This can be in any format suited to the business, for example Excel. If notebooks are used these must be retained once completed.  You can record more information than is stipulated in Annex I of the External User Guide.

All records of inspection should be made available upon request to an inspector.

When should the export inspection be carried out?

The phytosanitary certificate is valid for 14 days from the date of issue to the export of the consignment. The inspection should be carried out as close to the point of export as possible, and the plant health status of the consignment must be maintained following this inspection.

This may include inspections on the packing line, if the above criteria have been met.  

Is a single phytosanitary certificate required for each commodity I want to export?

No, a single phytosanitary certificate can be issued for multiple product lines and indeed multiple commodities in a single consignment, provided the goods meet the import requirements of the destination country.

Will every export have to have copies of all import PCs from the original imports?

Yes, if you’re goods are not of GB origin and are subject to special requirements. You will also need to make sure that the original PCs contain any of the additional declarations (AD) (special requirements) needed for certain commodities. This additional information will need to be included on the PC and must confirm that the goods meet the EU’s import requirements.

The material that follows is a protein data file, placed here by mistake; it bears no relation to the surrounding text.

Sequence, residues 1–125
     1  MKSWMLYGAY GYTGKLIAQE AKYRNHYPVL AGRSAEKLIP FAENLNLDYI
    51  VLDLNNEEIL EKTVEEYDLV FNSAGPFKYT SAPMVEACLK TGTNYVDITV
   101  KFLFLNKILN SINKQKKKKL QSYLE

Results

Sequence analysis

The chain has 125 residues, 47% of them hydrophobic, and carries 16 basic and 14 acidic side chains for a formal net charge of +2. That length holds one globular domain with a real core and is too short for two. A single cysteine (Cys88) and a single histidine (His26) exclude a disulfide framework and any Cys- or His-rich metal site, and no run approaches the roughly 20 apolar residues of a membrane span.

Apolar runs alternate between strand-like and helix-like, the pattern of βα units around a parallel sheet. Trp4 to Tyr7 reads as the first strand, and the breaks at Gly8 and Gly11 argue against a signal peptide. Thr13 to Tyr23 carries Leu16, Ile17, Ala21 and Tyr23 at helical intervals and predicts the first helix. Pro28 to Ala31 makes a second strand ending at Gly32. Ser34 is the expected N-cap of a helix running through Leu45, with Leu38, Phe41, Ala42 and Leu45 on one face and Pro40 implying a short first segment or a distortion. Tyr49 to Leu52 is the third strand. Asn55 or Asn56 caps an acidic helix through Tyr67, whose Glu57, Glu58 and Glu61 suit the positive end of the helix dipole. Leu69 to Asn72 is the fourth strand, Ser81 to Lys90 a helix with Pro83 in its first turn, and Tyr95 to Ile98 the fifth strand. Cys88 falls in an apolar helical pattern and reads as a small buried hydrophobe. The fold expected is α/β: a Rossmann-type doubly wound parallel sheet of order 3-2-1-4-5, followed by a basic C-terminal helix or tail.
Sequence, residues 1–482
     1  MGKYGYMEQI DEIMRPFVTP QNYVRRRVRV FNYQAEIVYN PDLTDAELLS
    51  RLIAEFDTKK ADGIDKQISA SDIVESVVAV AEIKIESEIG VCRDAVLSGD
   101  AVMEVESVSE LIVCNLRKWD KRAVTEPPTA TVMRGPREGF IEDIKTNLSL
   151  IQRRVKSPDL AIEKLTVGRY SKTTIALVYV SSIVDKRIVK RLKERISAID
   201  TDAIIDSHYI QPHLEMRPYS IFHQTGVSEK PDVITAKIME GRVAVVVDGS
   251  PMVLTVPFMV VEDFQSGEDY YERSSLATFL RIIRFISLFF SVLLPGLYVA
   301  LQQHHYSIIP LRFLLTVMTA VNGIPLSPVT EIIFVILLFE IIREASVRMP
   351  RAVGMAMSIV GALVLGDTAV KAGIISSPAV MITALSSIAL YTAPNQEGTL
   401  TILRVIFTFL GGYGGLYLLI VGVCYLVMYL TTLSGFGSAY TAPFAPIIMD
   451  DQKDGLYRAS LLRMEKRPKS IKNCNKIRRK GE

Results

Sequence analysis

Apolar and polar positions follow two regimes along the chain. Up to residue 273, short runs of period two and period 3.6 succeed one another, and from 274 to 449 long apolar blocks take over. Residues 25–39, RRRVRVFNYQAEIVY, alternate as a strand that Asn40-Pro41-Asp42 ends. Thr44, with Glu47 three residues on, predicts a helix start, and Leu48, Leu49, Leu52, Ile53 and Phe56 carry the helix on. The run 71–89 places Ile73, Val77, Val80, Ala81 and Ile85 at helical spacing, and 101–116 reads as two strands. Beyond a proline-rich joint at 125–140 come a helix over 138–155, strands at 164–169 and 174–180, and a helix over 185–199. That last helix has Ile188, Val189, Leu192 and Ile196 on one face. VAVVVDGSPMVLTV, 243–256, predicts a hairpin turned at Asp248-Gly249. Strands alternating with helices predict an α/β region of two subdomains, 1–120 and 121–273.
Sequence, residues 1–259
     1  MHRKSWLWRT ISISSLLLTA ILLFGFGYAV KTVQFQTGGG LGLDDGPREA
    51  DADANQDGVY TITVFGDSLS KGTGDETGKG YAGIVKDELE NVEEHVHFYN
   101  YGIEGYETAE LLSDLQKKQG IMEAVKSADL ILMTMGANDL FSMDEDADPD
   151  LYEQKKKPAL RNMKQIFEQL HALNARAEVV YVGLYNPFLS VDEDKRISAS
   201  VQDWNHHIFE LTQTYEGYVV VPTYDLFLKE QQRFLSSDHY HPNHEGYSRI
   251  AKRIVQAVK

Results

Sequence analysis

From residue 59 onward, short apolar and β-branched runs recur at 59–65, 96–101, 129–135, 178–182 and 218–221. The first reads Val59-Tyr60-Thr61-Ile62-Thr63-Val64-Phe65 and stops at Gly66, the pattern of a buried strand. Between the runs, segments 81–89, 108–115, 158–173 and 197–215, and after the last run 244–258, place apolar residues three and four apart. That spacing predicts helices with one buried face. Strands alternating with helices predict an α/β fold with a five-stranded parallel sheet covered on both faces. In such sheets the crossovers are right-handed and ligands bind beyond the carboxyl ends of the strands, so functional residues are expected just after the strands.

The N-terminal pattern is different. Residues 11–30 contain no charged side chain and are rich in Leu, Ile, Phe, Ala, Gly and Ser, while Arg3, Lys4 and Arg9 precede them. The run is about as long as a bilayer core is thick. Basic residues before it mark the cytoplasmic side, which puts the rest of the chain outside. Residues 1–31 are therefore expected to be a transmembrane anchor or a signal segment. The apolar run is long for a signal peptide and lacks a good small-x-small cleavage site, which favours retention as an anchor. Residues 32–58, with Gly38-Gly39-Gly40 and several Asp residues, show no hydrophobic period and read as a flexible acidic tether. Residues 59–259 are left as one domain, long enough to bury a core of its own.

Phytosanitary Certificates (PC)


Can traders issue their own phytosanitary certificates? 

No, traders cannot issue their own phytosanitary certificates. Phytosanitary certificates can only be issued by the country’s National Plant Protection Organisation (NPPO). For England & Wales this is APHA, as an Executive Agency of Defra.

Who can apply for phytosanitary certificates under the scheme?

Any traders authorised under the PHEATS scheme may apply for phytosanitary certificates. If you are not authorised to export under the PHEATS scheme you will be able to export under the normal export procedures. Further information on this can be found on gov.uk.

How will phytosanitary certificates be issued?

Phytosanitary certificates issued under the PHEATS scheme will be issued centrally by the Centre for International Trade (CIT). An electronic, scanned copy of the phytosanitary certificate will be emailed to you. This electronic copy of the PC can then be provided to the importer in the EU or Northern Ireland to be uploaded as part of their pre-notification.

The original phytosanitary certificate will then be mailed out to you within 24 hours. This will need to be provided to the NPPO as soon as technically feasible thereafter.

This process is currently in place due to the current COVID 19 easement and is legislated for by the EU. Should the requirements change you will be notified prior to this happening.

Are there any fruits, vegetables or cut flowers that can’t be exported?

Only fruits of Momordica L. originating from third countries or areas of third countries where Thrips palmi Karny is known to occur and where effective mitigation measures for that pest are lacking. This will be checked by CIT before exporting to ensure that your consignment complies.

Are there any fruit or vegetables that don’t require a PC for export to the EU?

Some fruits do not require a PC (pineapple, coconut, durian, bananas and dates) are already exempt from the specific phytosanitary controls outlined for most imports. These consignments will continue to not be subject to any border requirements.

Where can I find out further information related to pests and diseases?

There are several sources highlighted during the training that can be used, but can include, the Plant Health Risk Register, Plant Health Portal, or the EPPO database.

Can you download a PC from eDomero? 

No, only officials of the competent authority can issue a PC. eDomero produces the PC from the data the applicant submits

Are ware potatoes allowed to be exported under the PHEATS scheme?